Momentum of Zillow Offers home-buying program signals shift in customer expectations

Zillow Group President Jeremy Wacksman painted a picture of the future of home selling and buying for an audience of real estate agents in Las Vegas this week: an always-available trade-in offer for your home, certainty on a closing date, and the ability to self-tour homes and preconfigure renovations with an app, among other consumer-friendly shifts. “It sounds so delightful and crazy,” Wacksman said. But that’s the promise of Zillow Offers, he said, and “represents the march forward of customer expectations.”

A year ago, Zillow Offers was in seven markets. Now home buyers in 21 metro areas can use the service, which takes the hassle and uncertainty out of selling a house. Zillow directly buys a seller’s house, prepares it for showings, and quickly lists it for sale. Agents from local brokerages represent Zillow in the transaction. The Zillow 2019 Unlock conference held Oct. 27-29 in Las Vegas was the largest company-sponsored industry event since Zillow Offers began to expand.  Much of the Unlock conference centered on how agents can work with Zillow to transform and streamline the home-buyer experience, and part of that includes Zillow Offers.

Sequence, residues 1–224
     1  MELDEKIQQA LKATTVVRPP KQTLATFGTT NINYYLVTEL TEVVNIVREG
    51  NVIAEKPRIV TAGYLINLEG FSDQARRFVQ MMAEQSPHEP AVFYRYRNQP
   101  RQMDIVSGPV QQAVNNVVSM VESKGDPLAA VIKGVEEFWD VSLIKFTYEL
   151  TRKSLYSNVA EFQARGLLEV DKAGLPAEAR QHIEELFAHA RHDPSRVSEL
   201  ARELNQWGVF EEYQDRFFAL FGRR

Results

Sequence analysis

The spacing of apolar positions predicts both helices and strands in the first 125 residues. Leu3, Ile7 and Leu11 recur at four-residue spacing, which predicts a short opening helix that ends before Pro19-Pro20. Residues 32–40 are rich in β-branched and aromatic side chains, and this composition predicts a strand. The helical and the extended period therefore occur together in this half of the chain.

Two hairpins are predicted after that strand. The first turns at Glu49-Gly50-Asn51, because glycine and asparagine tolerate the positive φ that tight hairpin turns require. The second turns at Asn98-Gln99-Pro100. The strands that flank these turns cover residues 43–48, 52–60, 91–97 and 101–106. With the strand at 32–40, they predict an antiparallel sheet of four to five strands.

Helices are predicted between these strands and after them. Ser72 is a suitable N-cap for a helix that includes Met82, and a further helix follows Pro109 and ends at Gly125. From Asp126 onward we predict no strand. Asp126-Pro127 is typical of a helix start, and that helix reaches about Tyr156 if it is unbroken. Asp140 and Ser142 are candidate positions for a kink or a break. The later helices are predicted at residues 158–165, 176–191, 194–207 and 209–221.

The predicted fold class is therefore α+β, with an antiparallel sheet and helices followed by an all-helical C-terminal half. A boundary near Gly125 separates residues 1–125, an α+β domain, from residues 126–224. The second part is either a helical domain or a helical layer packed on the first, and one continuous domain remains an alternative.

Wacksman reminisced with agents about the days of corded phones and printed MLS books that were quickly outdated. “Would you go back?” he asked. “Once we see convenience and control, we don’t want to go back,” referring to the thousands of daily requests homeowners make for free, no-obligation Zillow Offers on their homes. 

Deena Carvajal, owner and broker with The Carvajal Group in Orlando, Fla., says she’s integrating Zillow Offers into her team’s services and listing presentations, and she has a property under contract with the program. “Not having to guess, ‘is this going to close?’ is what cinched it for the owner,” Carvajal said. “The stress of carrying two mortgages has lifted off him,” she said. And surprisingly, Carvajal said, the net proceeds weren’t much lower than what a traditional sale would have brought.

Zillow research shows that 60 million people today want to move, but only a fraction do, because of the stress of selling a home. “If we can remove that friction and provide more certainty, more people will move,” Wacksman said, pointing out Amazon solved a similar problem with Prime, a service that 62% of American households subscribe to. He asked agents to work with Zillow “to elevate all types of moves in the home journey” to deliver the seamless experience customers will soon demand.

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